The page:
The real challenge currently is not so much in building a model portfolio, but in dealing with the aftermath of bad market-timing calls that clients have made. A simple fact is that an investment style that may have made a person lots of money in the '90s could well have taken it all away -- and then some -- in the last year or two.

So what to do now if you weren't already reasonably diversified? Dump a lot of stocks that have plummeted in value -- even though they may still turn out to be really good long-term investments? What about the person whose retirement assets have been hammered? Or simply whose confidence in stocks has withered away? That's really where we're earning our keep, helping them understand the role of the stock markets and bond markets in their long-term financial picture.

Other frequent topic areas include refinancing debt when interest rates are low, and alternatives in buying a car -- lease versus buy versus 0% interest.

Q: What area of finance do you find that people neglect the most?

A: Maintaining liquidity. More than a few folks have built up wonderful wealth in retirement accounts or investment portfolios, but have to whip out their credit cards to pay for vacations, car repairs, even college tuition -- and then pay off the balances over a long period of time. Just keeping enough cash around to avoid bouncing checks often does not cut it!

It's always a wonderful thing to live below your means, but even then there are liable to be moments where you just can't keep this month's expenses within this month's means. So you need to have some cash set aside -- as cash -- to deal with those occasions without going into debt.

Particularly with the markets of the past two years fresh in the collective consciousness, folks are accepting the fact that investments (be they stocks or bonds) go down as well as up. In order to avoid the nasty potential of needing to sell an investment when it's down (and when you really think it's still good for the long term), you need to have enough cash in the wings to deal with the bills as they come.

As a general matter, I always suggest looking at what you may need to take from the kitty in the next two or three years and keep that in such boring things as CDs, even passbook savings. You may not make a lot from this money, but that's not the point -- you're trying to preserve what you have and have it available when you need it.

Q: And now for the shameless plug portion of our interview: Thousands of TMF Money Advisor subscribers have taken the opportunity to talk one-on-one on the phone with an Ayco advisor. For those who haven't yet, why should they consider calling?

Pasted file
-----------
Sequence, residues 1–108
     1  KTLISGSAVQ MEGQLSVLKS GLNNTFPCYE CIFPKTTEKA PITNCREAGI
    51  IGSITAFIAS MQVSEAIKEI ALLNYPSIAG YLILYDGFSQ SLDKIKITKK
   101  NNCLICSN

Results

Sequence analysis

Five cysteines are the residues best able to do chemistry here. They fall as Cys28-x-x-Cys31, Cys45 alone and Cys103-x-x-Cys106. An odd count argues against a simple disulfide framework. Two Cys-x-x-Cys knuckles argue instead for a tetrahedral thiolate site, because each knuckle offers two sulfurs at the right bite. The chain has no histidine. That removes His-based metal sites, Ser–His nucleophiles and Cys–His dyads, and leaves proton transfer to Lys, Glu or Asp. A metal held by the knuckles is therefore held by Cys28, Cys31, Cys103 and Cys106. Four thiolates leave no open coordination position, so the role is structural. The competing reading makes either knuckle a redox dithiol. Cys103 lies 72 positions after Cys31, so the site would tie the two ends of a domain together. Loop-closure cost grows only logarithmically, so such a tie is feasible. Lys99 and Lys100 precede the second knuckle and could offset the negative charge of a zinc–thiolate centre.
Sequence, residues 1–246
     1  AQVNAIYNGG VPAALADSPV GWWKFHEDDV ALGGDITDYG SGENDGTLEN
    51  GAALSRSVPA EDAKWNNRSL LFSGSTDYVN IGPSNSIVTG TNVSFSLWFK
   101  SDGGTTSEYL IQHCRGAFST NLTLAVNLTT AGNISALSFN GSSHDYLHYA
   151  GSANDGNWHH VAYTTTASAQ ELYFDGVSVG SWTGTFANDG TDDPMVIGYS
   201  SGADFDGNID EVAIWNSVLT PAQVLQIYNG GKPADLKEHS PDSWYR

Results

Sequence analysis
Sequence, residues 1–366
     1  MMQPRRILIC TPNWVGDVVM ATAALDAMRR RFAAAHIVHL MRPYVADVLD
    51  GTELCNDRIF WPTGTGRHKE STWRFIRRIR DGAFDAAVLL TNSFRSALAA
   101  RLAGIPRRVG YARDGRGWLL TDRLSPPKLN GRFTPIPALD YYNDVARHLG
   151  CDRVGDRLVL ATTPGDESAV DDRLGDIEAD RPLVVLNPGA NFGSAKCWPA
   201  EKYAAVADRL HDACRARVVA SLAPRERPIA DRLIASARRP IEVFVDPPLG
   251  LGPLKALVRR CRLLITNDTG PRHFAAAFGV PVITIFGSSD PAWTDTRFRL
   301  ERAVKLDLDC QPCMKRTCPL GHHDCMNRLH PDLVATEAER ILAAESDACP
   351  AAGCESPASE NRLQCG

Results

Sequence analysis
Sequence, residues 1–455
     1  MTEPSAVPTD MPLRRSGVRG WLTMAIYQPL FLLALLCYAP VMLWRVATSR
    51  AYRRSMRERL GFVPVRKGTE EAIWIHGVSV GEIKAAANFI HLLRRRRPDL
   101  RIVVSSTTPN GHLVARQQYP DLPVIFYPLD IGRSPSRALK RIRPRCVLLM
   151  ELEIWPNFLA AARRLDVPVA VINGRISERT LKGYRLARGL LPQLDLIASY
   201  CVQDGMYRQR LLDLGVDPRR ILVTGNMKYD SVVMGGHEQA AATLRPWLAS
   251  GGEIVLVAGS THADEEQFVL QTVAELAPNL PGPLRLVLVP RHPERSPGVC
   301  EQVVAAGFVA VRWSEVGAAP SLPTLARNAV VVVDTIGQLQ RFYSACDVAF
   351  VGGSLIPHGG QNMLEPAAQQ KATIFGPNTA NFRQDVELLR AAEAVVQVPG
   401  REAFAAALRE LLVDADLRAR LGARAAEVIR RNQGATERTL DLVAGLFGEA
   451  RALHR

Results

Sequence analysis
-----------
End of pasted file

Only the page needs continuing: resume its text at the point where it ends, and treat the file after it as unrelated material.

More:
A: Many callers start out saying that they're not sure what to expect from the call. But most people have issues at least on the back burner of their mind, and through our questions we can bring these to the front burner. Should I refinance my house? Is it good that I'm putting money in my 401(k) after tax instead of before? Is there some risk in using my state's college savings plan? How do bonds really work? What will getting married do to my taxes?

When we talk, these questions often lead to other issues -- maybe they're not saving enough for retirement or they're paying too much to finance their car loan. For many other callers, it's more a matter of fine-tuning the plan they've already put together. We may offer a little different perspective on how to mix investments, or give them a better feel for the effects of arcane provisions of the tax code. There's rarely any risk in consulting with someone else who knows a subject well.

Finally, it can be a bit of fun -- I've swapped war stories with more than one old soldier, and with more than one parent with little kids at home!

Q: In what circumstances should someone seek the counsel of a professional in making money decisions -- even beyond talking to you and Ayco?

A: For investors that have the time, there is seldom a real need to hire a professional to take care of their investments. Other circumstances, however, really do call for some outside help. Let's say you have a lot of money and little time to manage it yourself. Or you have complex tax matters (such as administering an estate), divorce and related disasters, business taxes and accounting -- when the stakes are high and the numbers are not simple, you really need to make sure the job is done right.

But we still come back to the basic idea that if you have the time and the interest, with a little help you can do most things for yourself -- even taxes. It's often just a matter of getting steered to the right resource and maybe getting a little clarification that can make the difference!

Q: What's the most Foolish (with a capital "F") thing you've ever done in your life?

A: I guess the most "Foolish" thing I ever did was to get my commission as a JAG in the Army National Guard.

With that, we ended our interview with Roy Diehl with a salute, the secret handshake, and a promise to build up our liquid assets.

To learn more about TMF Money Advisor and get a free trial, click here.

This article originally ran in January 2002, but was updated on January 16, 2003.